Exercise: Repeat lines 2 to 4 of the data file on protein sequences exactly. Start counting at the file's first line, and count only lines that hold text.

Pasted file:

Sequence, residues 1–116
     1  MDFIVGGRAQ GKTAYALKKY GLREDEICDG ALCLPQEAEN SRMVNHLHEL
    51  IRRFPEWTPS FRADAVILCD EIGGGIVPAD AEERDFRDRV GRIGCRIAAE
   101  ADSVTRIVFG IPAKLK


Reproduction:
     1  MDFIVGGRAQ GKTAYALKKY GLREDEICDG ALCLPQEAEN SRMVNHLHEL
    51  IRRFPEWTPS FRADAVILCD EIGGGIVPAD AEERDFRDRV GRIGCRIAAE
   101  ADSVTRIVFG IPAKLK